“I’ll tell you that in my district, we need police more and more as we are suffering from some of the highest property and violent crime rates in King County,” Hackney said.

Also voting a reluctant “Yes,” WA Rep. Greg Cheney (R-Battle Ground) – because he says it paves a path to the future.

“This is a bill that has to be worked on in the future, even if it is passed tonight,” Cheney said. “Vehicle thefts in this state, according to Washington State Patrol, over the last year are up 88%.”

Rep. Monica Jurado Stonier (D-Vancouver) said she reluctantly voted “Yes” because the new threshold is a game changer for many crimes, especially human trafficking.

“And that’s because the technicalities around reasonable suspicion determine whether or not human trafficking can be disrupted in my community,” Stonier said.

Inslee acknowledged Wednesday that many law enforcement groups are hoping for more changes in the future. He compared the police pursuit problem to climbing Mount Everest at the bill signing, saying it needs to be addressed step by step.

“I believe this is a step forward, a reasonable measure and balance, to ensure public safety,” Inslee said during the bill signing.

MyNorthwest News

jewelry scam...

Charlie Harger

Nationwide fake jewelry scam affects local residents

Police around the country are warning about a scam where people are selling counterfeit jewelry in parking lots, a crime spree that is occurring locally.

2 hours ago

yelm standoff...

Frank Sumrall

Two people dead in Yelm standoff involving SWAT, bomb squad

A long police standoff in Yelm ended with two people dead Tuesday night, with law enforcement a death investigation nearby could be related.

5 hours ago

king county scam...

Sam Campbell

King County Sheriff: Watch for scam phone calls pretending to be law enforcement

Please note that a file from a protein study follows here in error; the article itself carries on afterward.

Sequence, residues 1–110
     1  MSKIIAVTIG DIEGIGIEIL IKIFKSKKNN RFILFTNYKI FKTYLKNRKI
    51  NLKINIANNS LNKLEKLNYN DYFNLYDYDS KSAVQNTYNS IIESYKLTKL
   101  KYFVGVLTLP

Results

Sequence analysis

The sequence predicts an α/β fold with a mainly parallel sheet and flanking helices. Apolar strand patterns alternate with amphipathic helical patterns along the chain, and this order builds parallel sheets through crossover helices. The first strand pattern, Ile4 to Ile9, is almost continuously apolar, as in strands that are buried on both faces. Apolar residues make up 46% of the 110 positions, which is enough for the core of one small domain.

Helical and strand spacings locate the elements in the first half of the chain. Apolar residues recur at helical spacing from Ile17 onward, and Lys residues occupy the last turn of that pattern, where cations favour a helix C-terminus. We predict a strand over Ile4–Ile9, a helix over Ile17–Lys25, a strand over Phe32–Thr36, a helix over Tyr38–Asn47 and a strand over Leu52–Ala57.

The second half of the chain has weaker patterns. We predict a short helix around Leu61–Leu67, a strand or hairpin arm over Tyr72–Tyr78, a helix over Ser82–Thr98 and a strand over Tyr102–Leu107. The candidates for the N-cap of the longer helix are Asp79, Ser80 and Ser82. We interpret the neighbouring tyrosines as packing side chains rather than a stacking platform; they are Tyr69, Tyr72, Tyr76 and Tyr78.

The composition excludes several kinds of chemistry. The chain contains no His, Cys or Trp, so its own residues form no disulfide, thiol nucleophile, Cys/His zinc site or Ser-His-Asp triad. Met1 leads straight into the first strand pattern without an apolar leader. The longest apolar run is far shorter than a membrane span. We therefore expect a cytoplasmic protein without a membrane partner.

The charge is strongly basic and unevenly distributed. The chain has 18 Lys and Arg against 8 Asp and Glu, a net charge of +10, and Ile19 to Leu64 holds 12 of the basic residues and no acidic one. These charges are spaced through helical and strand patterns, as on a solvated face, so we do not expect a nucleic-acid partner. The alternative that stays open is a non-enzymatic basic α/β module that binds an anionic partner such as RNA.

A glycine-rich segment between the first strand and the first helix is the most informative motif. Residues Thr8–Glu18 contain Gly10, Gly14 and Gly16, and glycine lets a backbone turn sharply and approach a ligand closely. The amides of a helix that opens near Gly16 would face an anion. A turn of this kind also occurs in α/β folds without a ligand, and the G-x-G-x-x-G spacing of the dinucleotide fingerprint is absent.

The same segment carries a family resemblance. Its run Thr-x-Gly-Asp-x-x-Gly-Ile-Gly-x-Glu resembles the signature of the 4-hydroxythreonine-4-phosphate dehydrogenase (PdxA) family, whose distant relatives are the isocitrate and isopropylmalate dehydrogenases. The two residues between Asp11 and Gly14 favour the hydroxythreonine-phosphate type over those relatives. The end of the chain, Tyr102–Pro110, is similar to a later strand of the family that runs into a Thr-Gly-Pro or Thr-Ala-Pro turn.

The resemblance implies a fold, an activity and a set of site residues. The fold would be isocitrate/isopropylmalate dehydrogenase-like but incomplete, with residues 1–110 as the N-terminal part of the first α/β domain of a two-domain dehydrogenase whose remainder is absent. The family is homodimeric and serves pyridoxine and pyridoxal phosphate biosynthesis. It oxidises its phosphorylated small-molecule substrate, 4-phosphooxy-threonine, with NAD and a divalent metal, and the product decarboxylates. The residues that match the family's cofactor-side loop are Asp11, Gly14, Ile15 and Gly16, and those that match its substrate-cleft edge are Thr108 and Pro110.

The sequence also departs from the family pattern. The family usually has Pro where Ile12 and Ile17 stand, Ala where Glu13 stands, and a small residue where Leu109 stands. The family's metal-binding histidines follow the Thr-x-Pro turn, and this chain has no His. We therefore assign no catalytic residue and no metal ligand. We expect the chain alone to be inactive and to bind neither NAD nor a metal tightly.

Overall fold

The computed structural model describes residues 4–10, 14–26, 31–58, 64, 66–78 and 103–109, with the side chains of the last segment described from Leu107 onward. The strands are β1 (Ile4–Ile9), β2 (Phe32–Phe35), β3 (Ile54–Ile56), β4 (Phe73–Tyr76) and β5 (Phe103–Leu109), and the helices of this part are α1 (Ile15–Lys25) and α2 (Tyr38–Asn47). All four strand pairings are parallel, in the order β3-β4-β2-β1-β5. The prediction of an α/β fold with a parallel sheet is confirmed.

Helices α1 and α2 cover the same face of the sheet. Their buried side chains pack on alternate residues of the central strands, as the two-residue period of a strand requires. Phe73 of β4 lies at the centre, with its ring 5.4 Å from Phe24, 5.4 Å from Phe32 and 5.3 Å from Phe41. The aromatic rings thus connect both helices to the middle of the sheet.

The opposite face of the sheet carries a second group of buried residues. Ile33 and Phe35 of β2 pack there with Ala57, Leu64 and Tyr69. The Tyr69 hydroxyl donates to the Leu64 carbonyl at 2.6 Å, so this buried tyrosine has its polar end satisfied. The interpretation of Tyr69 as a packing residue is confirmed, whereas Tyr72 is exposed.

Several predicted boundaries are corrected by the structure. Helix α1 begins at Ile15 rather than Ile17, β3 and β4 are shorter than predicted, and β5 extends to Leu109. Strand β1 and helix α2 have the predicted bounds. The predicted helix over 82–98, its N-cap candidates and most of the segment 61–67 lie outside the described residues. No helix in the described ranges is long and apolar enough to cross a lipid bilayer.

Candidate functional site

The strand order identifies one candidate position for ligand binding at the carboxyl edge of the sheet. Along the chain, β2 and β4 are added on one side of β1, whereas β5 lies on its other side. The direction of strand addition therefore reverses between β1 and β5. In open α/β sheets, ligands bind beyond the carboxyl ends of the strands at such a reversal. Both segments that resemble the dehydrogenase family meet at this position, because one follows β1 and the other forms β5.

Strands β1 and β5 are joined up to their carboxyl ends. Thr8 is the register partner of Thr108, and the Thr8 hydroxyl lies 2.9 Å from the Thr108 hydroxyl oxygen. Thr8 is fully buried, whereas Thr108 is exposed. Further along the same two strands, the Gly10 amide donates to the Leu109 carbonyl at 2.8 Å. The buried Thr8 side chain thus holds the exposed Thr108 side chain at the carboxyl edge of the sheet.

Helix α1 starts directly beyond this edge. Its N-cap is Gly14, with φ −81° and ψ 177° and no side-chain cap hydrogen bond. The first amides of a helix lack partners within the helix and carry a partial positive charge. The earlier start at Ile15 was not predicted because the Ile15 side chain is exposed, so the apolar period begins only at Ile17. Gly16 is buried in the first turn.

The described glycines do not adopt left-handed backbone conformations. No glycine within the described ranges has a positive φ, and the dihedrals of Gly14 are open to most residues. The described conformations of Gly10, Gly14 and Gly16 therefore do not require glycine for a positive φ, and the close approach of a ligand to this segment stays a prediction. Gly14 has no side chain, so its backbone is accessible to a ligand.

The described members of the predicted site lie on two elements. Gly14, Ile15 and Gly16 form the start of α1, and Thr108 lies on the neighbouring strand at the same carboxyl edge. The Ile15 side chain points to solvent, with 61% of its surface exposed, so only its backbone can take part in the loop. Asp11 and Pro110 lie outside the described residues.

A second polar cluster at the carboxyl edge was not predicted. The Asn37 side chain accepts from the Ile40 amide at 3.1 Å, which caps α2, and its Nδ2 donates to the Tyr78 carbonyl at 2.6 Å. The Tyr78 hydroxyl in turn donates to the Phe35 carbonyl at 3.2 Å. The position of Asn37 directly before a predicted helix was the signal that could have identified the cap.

Have you gotten a call from someone claiming they're a cop with an arrest warrant for you? Then you may have been targeted in a local scam.

6 hours ago

bothell couple ammo boxes...

Louie Tran, KIRO 7 News

Bothell couple says neighbor threatened them by leaving empty ammo boxes outside of their home

A Bothell couple said their neighbor has been threatening them for more than half a year, allegedly leaving empty boxes of ammo outside of their home.

6 hours ago

Image: A sign for Frank Love Elementary School in Bothell can be seen in a fence at the school....

James Lynch and Sam Campbell

Alleged stalker tried to kidnap teen in front of her parents in Bothell, documents state

Court documents say a girl, 17, was standing with her parents outside an elementary school, when Fernando Rojas allegedly grabbed the teen.

10 hours ago

Image: Seattle Chief of Police Adrian Diaz, left, and Seattle Police Department Captain Eric Greeni...

Matt Markovich

‘Discriminatory practices’: Seattle police captain sues city, Chief Adrian Diaz

A longtime Seattle Police Department captain filed a discrimination lawsuit Monday against the city of Seattle and Chief Adrian Diaz.

20 hours ago

New police pursuit bill signed by Gov. Inslee